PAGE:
Allyson Felix, the star of the sprint, made history in the athletics category of field and track racing by winning the 400-meter relay. The victory secured her the 11th Olympic medal, the seventh gold, surpassing American sprint legend Carl Lewis, who counts 10 medals. Allyson is very close to the world record held by Paavo Nurmi with 12 medals.
“The first medal was long, long ago In Athens 2004 when I was young,” she told reporters. “Everything was different today, but for the better. “I am delighted to have worked with these amazing women,” she added, thanking the team consisting of Sydney McLaughlin, Dalilah Muhammad, and Athing Mu.
Allyson, in addition to the fantastic performance, was commented at length on the fact that as rarely, she stepped on the finish line wearing her brand. She ran with a pair of Says shoes, the sneaker business she started earlier this year. Allyson ran much faster in Tokyo 2020, 35 than in 2016 when he was 30. And yet, a few years ago, very few people thought he would get this far. The story of how she rose to prominence in a multibillion-dollar business is extraordinary.
After the Rio 2016 Olympics, she knew it was time to become a mother, but the decision to have a child has affected the careers of many women athletes. For most, this signals the end of Olympic aspirations. Allyson did not believe that pregnancy would be the end of her career. She did not want Nike, the corporation that sponsored her, to think that she was ending her ambitions.
In 2018, as Allyson was secretly training and avoiding pregnancy detection, she was also in negotiations for a new contract with Nike. She did not believe it was right for Nike to have the power to significantly reduce how much it would be paid in the future based on its performance during pregnancy and during the postpartum period.
But given the plans to have children, Nike was clear that it should not continue sponsorship and pay the same way. Nike was preparing the new contract with 70% less revenue. The decision was not well received by Allyson who decided – like a few people – to speak openly against the company. How many athletes dare to do this?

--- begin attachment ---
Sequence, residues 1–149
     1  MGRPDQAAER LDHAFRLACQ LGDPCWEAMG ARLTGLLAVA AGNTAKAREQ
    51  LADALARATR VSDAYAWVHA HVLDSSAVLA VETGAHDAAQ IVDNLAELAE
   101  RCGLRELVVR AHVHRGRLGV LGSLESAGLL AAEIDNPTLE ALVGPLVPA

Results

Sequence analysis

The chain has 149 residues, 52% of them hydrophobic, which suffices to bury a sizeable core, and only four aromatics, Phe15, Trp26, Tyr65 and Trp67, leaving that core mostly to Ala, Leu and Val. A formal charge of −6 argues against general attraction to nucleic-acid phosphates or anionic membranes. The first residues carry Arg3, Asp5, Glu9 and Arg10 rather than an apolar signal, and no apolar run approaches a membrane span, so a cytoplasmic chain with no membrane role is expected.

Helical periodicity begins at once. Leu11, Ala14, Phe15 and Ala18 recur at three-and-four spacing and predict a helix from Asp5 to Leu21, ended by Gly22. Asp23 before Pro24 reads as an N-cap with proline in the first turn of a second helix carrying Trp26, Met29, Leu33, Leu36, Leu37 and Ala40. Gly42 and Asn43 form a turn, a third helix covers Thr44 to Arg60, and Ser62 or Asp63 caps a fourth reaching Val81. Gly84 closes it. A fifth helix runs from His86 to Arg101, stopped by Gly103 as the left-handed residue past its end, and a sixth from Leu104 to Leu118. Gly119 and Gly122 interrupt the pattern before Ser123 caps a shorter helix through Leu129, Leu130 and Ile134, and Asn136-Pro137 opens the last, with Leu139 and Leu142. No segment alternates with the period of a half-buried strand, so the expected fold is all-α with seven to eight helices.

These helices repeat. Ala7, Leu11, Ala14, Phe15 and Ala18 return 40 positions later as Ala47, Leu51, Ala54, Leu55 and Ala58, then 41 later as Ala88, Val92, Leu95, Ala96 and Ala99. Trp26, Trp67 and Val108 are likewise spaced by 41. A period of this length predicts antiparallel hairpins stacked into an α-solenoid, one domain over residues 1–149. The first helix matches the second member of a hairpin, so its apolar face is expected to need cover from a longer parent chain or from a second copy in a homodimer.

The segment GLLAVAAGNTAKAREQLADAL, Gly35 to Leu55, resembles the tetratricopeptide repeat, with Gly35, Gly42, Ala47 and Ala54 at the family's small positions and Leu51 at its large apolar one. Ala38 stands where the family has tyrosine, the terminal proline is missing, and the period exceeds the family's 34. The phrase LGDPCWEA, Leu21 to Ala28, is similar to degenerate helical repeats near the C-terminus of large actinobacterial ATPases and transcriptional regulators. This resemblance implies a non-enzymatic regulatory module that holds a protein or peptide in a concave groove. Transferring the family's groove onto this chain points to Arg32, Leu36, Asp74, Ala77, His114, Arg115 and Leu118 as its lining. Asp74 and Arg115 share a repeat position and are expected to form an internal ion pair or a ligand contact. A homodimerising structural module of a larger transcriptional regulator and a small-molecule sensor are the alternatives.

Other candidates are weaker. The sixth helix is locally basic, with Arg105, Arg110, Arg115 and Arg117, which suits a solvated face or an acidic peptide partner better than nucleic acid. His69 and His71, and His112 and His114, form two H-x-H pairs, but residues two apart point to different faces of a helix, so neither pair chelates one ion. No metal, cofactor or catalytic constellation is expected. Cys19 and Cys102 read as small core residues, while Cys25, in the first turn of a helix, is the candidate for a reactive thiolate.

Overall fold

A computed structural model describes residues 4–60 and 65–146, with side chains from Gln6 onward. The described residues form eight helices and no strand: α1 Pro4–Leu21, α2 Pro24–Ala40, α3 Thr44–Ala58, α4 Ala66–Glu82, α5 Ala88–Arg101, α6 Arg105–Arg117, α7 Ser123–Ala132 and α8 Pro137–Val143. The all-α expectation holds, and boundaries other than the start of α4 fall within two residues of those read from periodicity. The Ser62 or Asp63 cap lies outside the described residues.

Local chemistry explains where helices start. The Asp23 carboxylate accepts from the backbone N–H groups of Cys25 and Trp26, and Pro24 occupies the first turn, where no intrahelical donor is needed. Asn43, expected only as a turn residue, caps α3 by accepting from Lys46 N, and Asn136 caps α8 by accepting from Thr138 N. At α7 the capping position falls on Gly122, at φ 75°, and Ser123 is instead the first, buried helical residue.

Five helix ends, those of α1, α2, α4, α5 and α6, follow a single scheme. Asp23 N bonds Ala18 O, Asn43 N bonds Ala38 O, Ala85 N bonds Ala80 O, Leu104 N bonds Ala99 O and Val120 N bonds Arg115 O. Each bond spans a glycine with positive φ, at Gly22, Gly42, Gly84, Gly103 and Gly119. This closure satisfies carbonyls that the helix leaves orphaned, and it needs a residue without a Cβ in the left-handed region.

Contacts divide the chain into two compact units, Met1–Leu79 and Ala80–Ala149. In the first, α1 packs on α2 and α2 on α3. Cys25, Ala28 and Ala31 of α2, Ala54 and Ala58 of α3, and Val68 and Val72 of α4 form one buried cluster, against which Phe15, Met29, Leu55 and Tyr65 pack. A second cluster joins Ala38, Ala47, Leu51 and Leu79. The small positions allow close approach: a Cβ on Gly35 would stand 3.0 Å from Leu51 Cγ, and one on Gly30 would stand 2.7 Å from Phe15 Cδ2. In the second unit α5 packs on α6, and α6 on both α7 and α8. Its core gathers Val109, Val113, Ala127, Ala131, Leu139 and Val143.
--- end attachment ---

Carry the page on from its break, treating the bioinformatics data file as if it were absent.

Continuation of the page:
In an article in The New York Times in 2019, she revealed that Nike would pay 70% less and despite her achievements, the company refused to guarantee that she would not be “punished” if she did not perform at previous levels after giving birth. . “If I did not have protection, who could have it?”
She left Nike, signed with Athleta and within a few months, the statement made such a fuss that Nike announced changes. The company hinted that there will be a new policy guaranteeing salary and bonuses for athletes for 18 months after pregnancy.
“I just felt the time had come and no matter how scared I was, I had to go ahead and tell my story,” he told Today.
In June, Allyson posted a photo with the medals, which also showed signs from a cesarean section of the difficult birth of her 2-year-old daughter, Camryn.
“I never thought that my voice would make Nike change its policies on motherhood and athletes and I would not have thought it would lead to the creation of Says. Get up and talk even if your voice is shaking. ”
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